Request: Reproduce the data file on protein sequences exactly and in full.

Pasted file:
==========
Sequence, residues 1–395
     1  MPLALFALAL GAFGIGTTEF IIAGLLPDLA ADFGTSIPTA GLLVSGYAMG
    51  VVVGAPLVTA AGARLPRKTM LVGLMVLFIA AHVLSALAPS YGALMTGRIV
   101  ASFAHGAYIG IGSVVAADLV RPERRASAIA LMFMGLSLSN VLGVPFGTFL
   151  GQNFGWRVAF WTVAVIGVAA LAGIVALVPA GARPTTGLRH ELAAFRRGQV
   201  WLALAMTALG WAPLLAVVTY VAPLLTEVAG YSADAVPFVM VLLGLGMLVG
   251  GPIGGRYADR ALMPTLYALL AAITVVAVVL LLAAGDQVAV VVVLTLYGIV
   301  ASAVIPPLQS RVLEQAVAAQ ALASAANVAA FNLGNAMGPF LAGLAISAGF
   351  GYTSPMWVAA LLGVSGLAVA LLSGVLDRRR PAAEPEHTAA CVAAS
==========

Sequence, residues 1–395
     1  MPLALFALAL GAFGIGTTEF IIAGLLPDLA ADFGTSIPTA GLLVSGYAMG
    51  VVVGAPLVTA AGARLPRKTM LVGLMVLFIA AHVLSALAPS YGALMTGRIV
   101  ASFAHGAYIG IGSVVAADLV RPERRASAIA LMFMGLSLSN VLGVPFGTFL
   151  GQNFGWRVAF WTVAVIGVAA LAGIVALVPA GARPTTGLRH ELAAFRRGQV
   201  WLALAMTALG WAPLLAVVTY VAPLLTEVAG YSADAVPFVM VLLGLGMLVG
   251  GPIGGRYADR ALMPTLYALL AAITVVAVVL LLAAGDQVAV VVVLTLYGIV
   301  ASAVIPPLQS RVLEQAVAAQ ALASAANVAA FNLGNAMGPF LAGLAISAGF
   351  GYTSPMWVAA LLGVSGLAVA LLSGVLDRRR PAAEPEHTAA CVAAS